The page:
Debunking child custody myths

Debunking child custody myths

On behalf of Aaron & Aaron, Attorneys at Law posted in Child Custody on Monday, September 26, 2016.

Family court cases in South Carolina can range greatly in nature. When divorce and child custody matters include a history of domestic abuse, the judge will prioritize the children's best interests. However, the manner in which such issues play out might surprise the parties involved. In fact, there are several myths regarding child custody decisions.

Common sense might suggest that a child custody decision involving an abusive parent might involve placing a child with the non-abusive party and limiting visitation rights for the other parent. However, the emotional impact of going through domestic abuse and divorce could involve fear and depression that interfere with the non-abusive parent's ability to care for their child. A judge might deem that parent unable to handle primary custody. In some rare instances, this could leave no alternative but to place the child with the other parent.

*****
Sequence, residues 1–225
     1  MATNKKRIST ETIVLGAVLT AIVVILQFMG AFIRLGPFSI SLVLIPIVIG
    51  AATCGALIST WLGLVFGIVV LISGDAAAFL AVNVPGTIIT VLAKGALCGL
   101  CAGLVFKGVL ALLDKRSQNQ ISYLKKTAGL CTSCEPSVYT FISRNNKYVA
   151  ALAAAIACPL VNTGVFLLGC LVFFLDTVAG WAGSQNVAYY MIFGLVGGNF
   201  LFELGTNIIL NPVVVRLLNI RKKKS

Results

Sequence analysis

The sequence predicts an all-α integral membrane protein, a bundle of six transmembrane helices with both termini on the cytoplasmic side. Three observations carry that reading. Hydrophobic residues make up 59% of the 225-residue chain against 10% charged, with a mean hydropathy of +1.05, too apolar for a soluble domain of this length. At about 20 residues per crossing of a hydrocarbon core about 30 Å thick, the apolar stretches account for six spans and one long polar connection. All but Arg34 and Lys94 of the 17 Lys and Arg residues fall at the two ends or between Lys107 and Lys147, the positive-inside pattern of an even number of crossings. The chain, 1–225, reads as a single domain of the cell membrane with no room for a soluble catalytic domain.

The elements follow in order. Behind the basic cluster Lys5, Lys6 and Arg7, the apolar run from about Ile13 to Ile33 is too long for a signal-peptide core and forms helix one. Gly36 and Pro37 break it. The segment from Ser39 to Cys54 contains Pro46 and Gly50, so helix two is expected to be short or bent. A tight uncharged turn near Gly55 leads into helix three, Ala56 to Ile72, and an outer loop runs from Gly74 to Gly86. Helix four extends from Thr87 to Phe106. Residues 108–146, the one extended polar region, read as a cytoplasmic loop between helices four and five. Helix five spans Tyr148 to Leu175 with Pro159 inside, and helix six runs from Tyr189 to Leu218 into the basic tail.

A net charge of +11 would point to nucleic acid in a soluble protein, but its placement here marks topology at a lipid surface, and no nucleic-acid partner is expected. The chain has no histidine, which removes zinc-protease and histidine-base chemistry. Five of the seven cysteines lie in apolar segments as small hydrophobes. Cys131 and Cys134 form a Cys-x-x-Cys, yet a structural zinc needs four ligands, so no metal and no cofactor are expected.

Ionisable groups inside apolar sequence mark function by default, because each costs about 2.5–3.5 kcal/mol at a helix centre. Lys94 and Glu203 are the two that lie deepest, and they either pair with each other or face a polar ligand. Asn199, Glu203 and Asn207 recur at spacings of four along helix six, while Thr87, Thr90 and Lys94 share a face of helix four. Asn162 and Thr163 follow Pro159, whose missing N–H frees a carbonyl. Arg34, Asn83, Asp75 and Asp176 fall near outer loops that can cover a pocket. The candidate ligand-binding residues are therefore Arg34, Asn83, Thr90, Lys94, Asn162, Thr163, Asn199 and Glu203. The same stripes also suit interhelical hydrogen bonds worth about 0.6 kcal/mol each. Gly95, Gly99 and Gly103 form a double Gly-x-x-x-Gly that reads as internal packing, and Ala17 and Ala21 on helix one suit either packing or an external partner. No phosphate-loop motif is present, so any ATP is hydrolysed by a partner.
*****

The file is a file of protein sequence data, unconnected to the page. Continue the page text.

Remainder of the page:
If the non-abusive parent is awarded custody, the potential for continued abuse by the other spouse might still exist. In fact, ex-spouses often use their children to lash out at the other party in various ways. Examples include undermining the other parent's authority, attempting to outdo the other parent in terms of recreational or other activities, or failing to respect beginning and ending times for visitation.

During divorce proceedings, a parent's attorney might emphasize the emotional and physical needs of a child while advocating for certain visitation restrictions. Developmental needs might be substantiated by a health care or mental health professional as well. If there is a concern about the potential for a child being abused or neglected while in the care of the other parent, an attorney might request supervised visitation to ensure that the child's safety is not jeopardized.